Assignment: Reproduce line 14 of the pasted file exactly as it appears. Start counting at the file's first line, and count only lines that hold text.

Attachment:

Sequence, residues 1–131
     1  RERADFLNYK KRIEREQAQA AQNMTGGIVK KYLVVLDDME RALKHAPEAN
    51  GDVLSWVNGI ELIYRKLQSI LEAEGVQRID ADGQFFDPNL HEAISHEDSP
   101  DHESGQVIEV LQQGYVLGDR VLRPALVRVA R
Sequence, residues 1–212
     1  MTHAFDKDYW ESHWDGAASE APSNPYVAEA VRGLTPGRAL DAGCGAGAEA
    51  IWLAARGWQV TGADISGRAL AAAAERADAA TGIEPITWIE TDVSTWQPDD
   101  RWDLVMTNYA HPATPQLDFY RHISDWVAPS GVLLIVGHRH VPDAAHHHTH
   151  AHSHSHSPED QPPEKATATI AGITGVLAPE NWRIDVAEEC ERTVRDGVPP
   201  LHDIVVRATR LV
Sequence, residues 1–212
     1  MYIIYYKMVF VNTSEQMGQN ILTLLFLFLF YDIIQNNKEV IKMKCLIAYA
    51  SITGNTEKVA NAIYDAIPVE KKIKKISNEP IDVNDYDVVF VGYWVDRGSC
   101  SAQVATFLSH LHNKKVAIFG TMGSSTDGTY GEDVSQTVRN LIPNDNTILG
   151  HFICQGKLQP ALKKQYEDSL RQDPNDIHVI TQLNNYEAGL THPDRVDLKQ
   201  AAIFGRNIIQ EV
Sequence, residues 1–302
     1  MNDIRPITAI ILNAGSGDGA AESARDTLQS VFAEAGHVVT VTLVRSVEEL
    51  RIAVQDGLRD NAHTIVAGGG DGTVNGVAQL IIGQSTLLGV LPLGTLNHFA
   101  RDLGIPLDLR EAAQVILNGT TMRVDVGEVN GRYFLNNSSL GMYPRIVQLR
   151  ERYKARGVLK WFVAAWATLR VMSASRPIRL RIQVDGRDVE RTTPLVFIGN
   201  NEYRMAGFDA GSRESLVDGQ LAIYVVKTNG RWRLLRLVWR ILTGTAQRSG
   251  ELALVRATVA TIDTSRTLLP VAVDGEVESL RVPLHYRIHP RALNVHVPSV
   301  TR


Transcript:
   101  SAQVATFLSH LHNKKVAIFG TMGSSTDGTY GEDVSQTVRN LIPNDNTILG